Common Mistakes When Designing for Print

We’ve all seen it: the flyer whose most important fine print has been sliced off, the brochure sporting a tiny white border around the edges of its otherwise color-saturated pages. Little mistakes disrupt a message and interrupt the audience’s viewing experience. To make matters worse, they’re often reproduced hundreds or thousands of times depending on the scale of the project. However, when equipped with a knowledge of what not to do, the task of designing for small-format print in an overwhelmingly digital age becomes less daunting.



The issue of information gone missing and unwanted white borders appearing are different sides of the same coin. When designing for print, it’s necessary to account for what will be cut off, and what won’t. A bleed solves the little white border problem. Creating a bleed is a fancy way of saying “make this design too big for the area you’re formatting”. Essentially, your design has natural borders created by the edges of the area it is printed on, and while technology has advanced so that the cuts made to those borders are more precise than ever, they can still be as little as a millimeter off, producing a noticeable problem. Creating a bleed ensures that even if a guillotine slices your product outside the intended border, your design is not forfeited. Conversely, if the cut is made a millimeter the other way, information hanging out around too close to the edges will be sacrificed. A quiet border ensures necessary things are not being chopped away. Lying on the other side of your natural edge, it is a dead zone where no text should be placed so that in the event that the guillotine makes its incisions too close, relevant text is spared. Utilizing a bleed and a quiet border will ensure that your print concisely and thoroughly conveys the message you’re sending.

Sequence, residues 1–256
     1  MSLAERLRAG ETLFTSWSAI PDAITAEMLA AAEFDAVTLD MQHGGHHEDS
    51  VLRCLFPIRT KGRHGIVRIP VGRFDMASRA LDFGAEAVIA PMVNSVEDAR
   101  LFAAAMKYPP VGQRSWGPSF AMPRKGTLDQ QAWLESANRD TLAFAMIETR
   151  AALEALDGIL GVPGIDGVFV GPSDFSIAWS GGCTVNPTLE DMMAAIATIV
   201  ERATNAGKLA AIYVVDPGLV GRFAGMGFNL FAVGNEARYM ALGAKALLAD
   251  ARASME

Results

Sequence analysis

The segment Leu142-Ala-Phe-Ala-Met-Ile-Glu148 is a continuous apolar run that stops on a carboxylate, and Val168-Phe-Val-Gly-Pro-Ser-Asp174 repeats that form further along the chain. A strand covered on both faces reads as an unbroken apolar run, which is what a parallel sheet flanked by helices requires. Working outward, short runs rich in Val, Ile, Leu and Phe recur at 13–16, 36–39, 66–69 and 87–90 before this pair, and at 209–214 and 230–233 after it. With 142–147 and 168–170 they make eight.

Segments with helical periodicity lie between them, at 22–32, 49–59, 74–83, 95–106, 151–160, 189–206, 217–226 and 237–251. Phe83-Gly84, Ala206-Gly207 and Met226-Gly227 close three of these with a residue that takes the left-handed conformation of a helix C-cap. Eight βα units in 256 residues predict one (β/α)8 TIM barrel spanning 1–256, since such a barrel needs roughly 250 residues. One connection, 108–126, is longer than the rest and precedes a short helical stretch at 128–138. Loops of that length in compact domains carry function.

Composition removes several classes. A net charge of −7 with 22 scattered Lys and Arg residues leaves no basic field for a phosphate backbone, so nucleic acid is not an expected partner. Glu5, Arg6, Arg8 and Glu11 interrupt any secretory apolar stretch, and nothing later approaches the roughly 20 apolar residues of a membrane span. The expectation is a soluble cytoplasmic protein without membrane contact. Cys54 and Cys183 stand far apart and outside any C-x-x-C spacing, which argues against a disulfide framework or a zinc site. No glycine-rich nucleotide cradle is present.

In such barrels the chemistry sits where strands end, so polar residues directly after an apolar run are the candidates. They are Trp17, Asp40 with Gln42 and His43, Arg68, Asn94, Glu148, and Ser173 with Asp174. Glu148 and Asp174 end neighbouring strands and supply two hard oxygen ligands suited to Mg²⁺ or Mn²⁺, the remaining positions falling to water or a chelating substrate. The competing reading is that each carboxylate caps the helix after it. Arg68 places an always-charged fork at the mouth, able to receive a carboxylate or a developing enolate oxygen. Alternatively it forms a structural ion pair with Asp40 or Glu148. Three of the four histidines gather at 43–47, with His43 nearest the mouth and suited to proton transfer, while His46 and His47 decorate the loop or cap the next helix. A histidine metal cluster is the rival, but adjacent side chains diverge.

One of the most important yet overlooked factors to consider when formatting digital designs for print is the viewing experience that is offered on paper as opposed to that of a monitor. Printers use the CMYK color scheme (cyan, magenta, yellow, black), whereas monitors produce visible colors along the RGB (red, green, blue) spectrum. CMYK can only combine to create approximately 70% of the colors viewed in the RGB spectrum. If designed in RGB, the printed final product can be markedly different from what was generated on the monitor, and palettes which complemented each other nicely on the screen can clash post-adjustment. While modern printers will convert designs to the scheme before printing, it is still recommended that the product is designed in CMYK to begin with in order to provide a more accurate prototype prior to printing. Invest in software that allows you to design within the CMYK to avoid a post-print headache.



There’s a difference between your and you’re. Are you using it’s correctly? Grammatical errors slip past the untrained or dismissive eye, but your audience’s aren’t. Making sure to double and triple check your design before printing is paramount to conveying a cogent message. Best case scenario, the error only impedes on the perceived quality of your product– worst case a misplaced comma or misspelling gives your message an entirely new meaning. Check your design twice through, then have a third party edit to ensure your design sends the message you intend.

Lastly, source your printing from those who know it best. Having an informed and passionate team that is intent on producing quality content makes all the difference in the process of designing for print. Delta Print Group consists of over 150 trained professionals who serve in roles from sales to formatting to production. With our vast expertise, we strive to exceed customer expectations. We are print and mail experts so you don’t have to be.